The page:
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Since its launch in 2012, Violet Grey has made a name for itself among multi-brand beauty retailers, thanks to a carefully curated selection of products that helps consumers cut through the clutter and get straight to the good stuff.

As the company continues to grow and develop its offering, it’s making a big push toward content and storytelling to help consumers learn what Violet Grey is and what it stands for, said CEO April Uchitel.

“I was a huge fan of Violet Grey before I joined, but I had never really shopped Violet Grey,” said Uchitel. “I really wanted to unpack that, and it led me to discover a lot of our foundational pillars — and if I wasn’t aware of them, I’m sure our audience wasn’t aware of them. So what we’ve done is really dig into these pillars to make sure that we can animate them and bring visibility to some of the things that we assume are straightforward that might not be.”

In this week’s episode of The Glossy Beauty Podcast, beauty editor Priya Rao sits down with Uchitel to discuss how Violet Grey differentiates itself from other retailers, how it’s using editorial content to make luxury seem more accessible and how it’s strategizing to build brand awareness. Edited highlights below.

What sets Violet Grey apart
“It’s about the ecosystem. We do things that no other retailer does that are time and capital intensive to be able to provide the best value to the consumer, and we need that consumer to understand what the process is. It reinforces the trust and credibility on all sides. It’s really been about connecting all the dots through a content lens, and what we really want to do is show our process. So if you imagine a table of hundreds of mascaras, and then we edit it down to the best five. That’s really powerful, and that’s where you can really see the work that goes into all of the products we curate, from an ingredients perspective, efficacy perspective, packaging, founder story, if there’s a clean element, a sustainable element — all these things factor into who we choose, and then it’s on the content team to really tell that story.”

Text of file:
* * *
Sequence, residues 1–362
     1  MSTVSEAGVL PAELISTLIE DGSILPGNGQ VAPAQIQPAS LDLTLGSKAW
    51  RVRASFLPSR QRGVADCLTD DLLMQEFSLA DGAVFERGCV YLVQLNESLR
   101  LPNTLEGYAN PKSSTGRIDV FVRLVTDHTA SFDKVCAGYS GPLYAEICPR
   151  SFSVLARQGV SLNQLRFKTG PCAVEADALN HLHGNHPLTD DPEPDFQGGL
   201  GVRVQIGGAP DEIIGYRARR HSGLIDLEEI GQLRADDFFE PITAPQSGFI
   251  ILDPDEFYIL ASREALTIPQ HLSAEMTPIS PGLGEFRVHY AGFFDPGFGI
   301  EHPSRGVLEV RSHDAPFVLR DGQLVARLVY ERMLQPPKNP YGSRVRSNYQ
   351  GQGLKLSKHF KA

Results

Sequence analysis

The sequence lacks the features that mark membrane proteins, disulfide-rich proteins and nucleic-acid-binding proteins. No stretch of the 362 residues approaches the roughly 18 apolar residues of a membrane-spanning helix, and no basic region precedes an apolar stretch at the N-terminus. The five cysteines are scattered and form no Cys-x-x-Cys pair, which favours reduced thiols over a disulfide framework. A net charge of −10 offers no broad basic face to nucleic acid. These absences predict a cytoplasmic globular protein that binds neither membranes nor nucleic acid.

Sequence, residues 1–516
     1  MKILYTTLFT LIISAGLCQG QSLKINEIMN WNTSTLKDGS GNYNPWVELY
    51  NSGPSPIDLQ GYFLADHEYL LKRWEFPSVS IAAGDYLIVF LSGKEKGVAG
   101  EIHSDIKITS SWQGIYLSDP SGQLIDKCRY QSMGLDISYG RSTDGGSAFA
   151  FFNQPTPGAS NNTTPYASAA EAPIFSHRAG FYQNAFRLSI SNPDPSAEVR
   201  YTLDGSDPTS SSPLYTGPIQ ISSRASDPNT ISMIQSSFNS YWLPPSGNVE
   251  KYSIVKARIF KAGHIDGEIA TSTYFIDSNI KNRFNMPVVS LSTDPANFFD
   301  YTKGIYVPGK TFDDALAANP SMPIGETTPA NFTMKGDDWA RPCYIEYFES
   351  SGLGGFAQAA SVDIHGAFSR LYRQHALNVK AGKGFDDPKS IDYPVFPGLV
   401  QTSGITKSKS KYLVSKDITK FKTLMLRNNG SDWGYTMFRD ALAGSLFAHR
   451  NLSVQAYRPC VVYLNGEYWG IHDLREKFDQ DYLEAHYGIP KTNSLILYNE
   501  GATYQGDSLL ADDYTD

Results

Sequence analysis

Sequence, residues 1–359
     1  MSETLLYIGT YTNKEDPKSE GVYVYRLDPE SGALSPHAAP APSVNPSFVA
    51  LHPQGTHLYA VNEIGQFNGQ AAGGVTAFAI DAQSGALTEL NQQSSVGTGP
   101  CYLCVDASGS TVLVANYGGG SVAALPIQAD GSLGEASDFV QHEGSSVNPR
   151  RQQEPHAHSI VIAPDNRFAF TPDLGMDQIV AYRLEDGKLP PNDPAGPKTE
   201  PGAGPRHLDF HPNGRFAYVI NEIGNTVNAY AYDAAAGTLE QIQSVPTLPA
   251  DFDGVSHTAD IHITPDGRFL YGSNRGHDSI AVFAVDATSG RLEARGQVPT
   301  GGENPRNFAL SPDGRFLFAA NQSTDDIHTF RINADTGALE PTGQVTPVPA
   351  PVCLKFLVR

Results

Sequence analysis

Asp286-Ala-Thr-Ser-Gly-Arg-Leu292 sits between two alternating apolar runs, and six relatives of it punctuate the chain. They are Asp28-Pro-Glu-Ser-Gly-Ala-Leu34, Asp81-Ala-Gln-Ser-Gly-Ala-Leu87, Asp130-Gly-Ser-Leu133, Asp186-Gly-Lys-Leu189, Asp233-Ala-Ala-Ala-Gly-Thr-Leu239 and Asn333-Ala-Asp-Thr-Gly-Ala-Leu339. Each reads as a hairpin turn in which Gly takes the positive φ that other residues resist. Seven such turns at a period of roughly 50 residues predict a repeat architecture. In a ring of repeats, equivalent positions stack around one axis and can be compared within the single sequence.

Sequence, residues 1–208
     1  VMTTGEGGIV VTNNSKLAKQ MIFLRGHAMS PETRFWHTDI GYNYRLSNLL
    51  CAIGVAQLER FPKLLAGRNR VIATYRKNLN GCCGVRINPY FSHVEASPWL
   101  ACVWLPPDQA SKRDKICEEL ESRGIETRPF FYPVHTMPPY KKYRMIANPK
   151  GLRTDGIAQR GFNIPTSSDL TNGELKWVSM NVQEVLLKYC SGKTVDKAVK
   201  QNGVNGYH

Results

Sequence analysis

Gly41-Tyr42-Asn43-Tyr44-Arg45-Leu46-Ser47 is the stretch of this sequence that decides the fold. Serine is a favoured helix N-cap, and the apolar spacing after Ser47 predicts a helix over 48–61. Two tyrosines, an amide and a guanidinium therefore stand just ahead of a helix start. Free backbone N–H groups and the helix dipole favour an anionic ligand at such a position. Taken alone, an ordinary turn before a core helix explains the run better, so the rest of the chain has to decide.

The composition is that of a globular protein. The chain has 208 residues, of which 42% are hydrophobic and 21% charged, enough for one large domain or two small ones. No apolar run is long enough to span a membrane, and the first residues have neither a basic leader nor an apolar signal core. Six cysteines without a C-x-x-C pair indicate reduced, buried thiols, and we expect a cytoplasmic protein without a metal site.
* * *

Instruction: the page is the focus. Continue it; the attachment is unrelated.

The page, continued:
Using editorial to make luxury accessible
“It’s all about relatability. You can be a superstar and still be dealing with acne. You can have things that you’re focused on in your life that are core, aspirational things that are not about beauty at all, and that can really help tell a story that someone who is reading can connect to. That’s the power of content, especially in the land of YouTube, influencers and Instagram, where we’re all creating the best versions of ourselves. Beauty allows us to do that to a certain extent. I wear a strong, red lip — it’s like my Superman cape — and when I put it on, I know I’m good to go. That’s the power of beauty, and everyone has that thing. The more you see people you relate to, or even people who feel way out of your realm in terms of celebrity, talking about things that help them be the best version of themselves through the content, that’s where the relationship gets really strong.”

Building brand awareness
“In the table stakes of e-commerce, we don’t do a lot of the referral programs, and we don’t do any promotions. We have two events per year where we drive a lot of volume, and they’re there because that’s how the world works. To go up against Black Friday and Memorial Day, you have to have something. Outside of that, it’s really about the access and all the other things we provide. Being able to do that in a way that really does help her — through high-touch customer service, through opportunities to get early access to products or maybe even test products. There are ways we can engage her in a different way. Right now, LA and New York are our biggest markets, so being able to talk to the other cities is important, but there are still a lot of people in Santa Monica who have never heard of Violet Grey. When they do find us it’s, ‘Oh my god, how did I not know this existed?’ Then when they find out the back story, they’re even more sold on us. That’s now really our focus — to make sure that the brand awareness is there and that the education is, too.”